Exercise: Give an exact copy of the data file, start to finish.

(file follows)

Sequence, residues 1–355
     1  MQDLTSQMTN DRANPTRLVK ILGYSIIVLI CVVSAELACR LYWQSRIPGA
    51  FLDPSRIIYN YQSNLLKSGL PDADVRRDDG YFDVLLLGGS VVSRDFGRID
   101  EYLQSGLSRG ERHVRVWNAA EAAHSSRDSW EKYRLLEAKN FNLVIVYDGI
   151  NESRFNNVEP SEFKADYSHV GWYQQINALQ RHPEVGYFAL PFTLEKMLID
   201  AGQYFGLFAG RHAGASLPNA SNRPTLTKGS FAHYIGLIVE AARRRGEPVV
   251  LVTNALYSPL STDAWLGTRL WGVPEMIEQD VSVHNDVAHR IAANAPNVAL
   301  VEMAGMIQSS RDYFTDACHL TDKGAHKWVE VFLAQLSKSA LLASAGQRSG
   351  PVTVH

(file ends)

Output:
Sequence, residues 1–355
     1  MQDLTSQMTN DRANPTRLVK ILGYSIIVLI CVVSAELACR LYWQSRIPGA
    51  FLDPSRIIYN YQSNLLKSGL PDADVRRDDG YFDVLLLGGS VVSRDFGRID
   101  EYLQSGLSRG ERHVRVWNAA EAAHSSRDSW EKYRLLEAKN FNLVIVYDGI
   151  NESRFNNVEP SEFKADYSHV GWYQQINALQ RHPEVGYFAL PFTLEKMLID
   201  AGQYFGLFAG RHAGASLPNA SNRPTLTKGS FAHYIGLIVE AARRRGEPVV
   251  LVTNALYSPL STDAWLGTRL WGVPEMIEQD VSVHNDVAHR IAANAPNVAL
   301  VEMAGMIQSS RDYFTDACHL TDKGAHKWVE VFLAQLSKSA LLASAGQRSG
   351  PVTVH